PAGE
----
But first, Dragon must accomplish its mission of bringing roughly 4,400 lbs. (1,995 kilograms) of supplies, science experiments and equipment up to the station, including a new group of rodents for orbital research and an ISSpresso coffee machine. Then the spacecraft will come back to Earth after about a month in orbit, splashing down with items that are no longer needed on station.

"It will stay up there for 35 days, which is the longest we've ever done, I believe," Koenigsmann said. "Then it will be unberthed and will depart from the ISS and land in the Pacific Ocean, basically in our front yard." 

Hopes for reusability

SpaceX checks its next Falcon 9 rocket to fly in a static engine test ahead of a planned April 13, 2015 launch to send an unmanned Dragon cargo ship to the International Space Station, then attempt a reusable rocket landing on an ocean platform. (Image credit: SpaceX)

There have been changes made to the drone ship to maintain its position better and to tolerate a higher wind and swell level than previously designed for, Koenigsmann said, pegging the company's chances of success at 75 percent to 80 percent.

Should Falcon 9's first stage arrive on the drone as planned, Koenigsmann said it would be a large step forward in reducing launch costs. SpaceX CEO Elon Musk has repeatedly said that reusable rockets are key to making space exploration more accessible for research and human exploration.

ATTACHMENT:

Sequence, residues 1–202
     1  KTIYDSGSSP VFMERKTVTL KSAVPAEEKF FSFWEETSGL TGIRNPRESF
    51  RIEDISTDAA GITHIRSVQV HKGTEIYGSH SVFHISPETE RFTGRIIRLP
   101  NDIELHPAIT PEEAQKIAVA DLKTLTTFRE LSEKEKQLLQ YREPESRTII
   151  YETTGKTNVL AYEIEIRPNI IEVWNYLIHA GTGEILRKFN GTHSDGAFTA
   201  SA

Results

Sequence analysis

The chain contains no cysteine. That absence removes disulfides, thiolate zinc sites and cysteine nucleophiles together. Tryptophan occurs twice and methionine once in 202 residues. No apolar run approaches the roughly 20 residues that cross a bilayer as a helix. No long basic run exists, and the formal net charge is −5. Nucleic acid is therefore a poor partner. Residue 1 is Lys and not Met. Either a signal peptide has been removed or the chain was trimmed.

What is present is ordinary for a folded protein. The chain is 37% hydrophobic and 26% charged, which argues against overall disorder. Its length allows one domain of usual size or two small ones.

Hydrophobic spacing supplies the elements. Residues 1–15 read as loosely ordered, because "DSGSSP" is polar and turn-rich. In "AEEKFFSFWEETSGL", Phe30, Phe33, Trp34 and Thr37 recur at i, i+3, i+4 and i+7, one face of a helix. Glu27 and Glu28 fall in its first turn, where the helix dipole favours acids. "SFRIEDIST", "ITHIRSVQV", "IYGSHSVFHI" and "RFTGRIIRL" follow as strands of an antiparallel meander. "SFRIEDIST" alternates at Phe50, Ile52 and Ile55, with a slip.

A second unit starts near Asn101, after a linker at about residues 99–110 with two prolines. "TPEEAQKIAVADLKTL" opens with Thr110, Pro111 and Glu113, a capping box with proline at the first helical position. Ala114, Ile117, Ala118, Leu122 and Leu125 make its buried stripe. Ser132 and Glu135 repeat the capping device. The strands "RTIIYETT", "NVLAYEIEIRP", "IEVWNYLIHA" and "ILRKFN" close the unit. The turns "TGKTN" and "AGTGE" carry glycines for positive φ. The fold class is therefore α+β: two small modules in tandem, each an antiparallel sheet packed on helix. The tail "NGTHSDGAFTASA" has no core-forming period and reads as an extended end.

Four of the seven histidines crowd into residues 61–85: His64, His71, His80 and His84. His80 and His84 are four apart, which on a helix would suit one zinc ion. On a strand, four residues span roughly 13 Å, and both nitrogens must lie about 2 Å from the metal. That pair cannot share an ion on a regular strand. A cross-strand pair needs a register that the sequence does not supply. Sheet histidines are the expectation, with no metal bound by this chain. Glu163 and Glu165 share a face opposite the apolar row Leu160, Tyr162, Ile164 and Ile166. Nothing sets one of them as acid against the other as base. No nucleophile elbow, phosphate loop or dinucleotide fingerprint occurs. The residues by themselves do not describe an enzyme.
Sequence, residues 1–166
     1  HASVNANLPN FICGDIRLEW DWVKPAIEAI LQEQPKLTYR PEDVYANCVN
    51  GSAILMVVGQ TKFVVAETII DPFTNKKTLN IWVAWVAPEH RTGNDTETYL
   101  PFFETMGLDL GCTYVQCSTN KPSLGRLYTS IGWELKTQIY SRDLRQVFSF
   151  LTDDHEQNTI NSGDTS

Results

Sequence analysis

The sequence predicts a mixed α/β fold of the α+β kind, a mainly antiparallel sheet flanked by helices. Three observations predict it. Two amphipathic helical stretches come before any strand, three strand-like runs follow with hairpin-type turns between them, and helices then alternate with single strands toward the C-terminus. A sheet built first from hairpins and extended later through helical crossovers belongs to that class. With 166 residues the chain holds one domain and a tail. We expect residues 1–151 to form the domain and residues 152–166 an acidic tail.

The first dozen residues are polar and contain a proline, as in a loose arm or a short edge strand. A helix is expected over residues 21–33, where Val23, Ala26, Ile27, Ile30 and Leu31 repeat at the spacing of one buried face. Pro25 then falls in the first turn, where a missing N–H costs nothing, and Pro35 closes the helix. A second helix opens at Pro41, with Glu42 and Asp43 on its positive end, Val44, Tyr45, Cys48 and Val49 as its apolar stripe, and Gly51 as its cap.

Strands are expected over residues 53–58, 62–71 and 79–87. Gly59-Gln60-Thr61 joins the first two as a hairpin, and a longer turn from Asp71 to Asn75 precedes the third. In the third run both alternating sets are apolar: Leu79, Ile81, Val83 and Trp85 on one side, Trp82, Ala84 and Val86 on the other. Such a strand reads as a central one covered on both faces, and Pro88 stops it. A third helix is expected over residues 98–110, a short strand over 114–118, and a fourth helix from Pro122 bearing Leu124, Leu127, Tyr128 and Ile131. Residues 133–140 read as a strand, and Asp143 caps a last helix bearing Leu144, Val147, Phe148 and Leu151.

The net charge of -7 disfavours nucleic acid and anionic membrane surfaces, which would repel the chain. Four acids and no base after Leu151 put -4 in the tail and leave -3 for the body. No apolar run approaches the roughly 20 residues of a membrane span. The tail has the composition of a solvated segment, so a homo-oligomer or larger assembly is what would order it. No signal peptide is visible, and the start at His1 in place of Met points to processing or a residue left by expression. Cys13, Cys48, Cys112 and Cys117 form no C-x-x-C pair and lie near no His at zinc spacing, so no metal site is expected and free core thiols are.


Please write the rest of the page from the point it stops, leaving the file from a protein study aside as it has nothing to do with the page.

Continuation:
Koenigsmann joked that today's approach to launches is similar to buying a new car every time you wanted to do something different. "I think in the long term this may change completely how we approach transportation to space."

If the rocket stage does prove reusable, the next step would be to determine how often it could be: 20 times, 50 times or some other number, Koenigsmann added. In general this would make space transportation "more like an airplane-type operation," he said.

Visit on Monday for complete coverage of the SpaceX Dragon launch and Falcon 9 reusable rocket landing test. 

Follow Elizabeth Howell @howellspace, or @Spacedotcom. We're also on Facebook and Google+. Originally published on

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Elizabeth Howell
Staff Writer, Spaceflight

Elizabeth Howell (she/her), Ph.D., is a staff writer in the spaceflight channel since 2022 covering diversity, education and gaming as well. She was contributing writer for for 10 years before joining full-time. Elizabeth's reporting includes multiple exclusives with the White House and Office of the Vice-President of the United States, an exclusive conversation with aspiring space tourist (and NSYNC bassist) Lance Bass, speaking several times with the International Space Station, witnessing five human spaceflight launches on two continents, flying parabolic, working inside a spacesuit, and participating in a simulated Mars mission. Her latest book, "Why Am I Taller?", is co-written with astronaut Dave Williams. Elizabeth holds a Ph.D. and M.Sc. in Space Studies from the University of North Dakota, a Bachelor of Journalism from Canada's Carleton University and a Bachelor of History from Canada's Athabasca University. Elizabeth is also a post-secondary instructor in communications and science at several institutions since 2015; her experience includes developing and teaching an astronomy course at Canada's Algonquin College (with Indigenous content as well) to more than 1,000 students since 2020. Elizabeth first got interested in space after watching the movie Apollo 13 in 1996, and still wants to be an astronaut someday. Mastodon: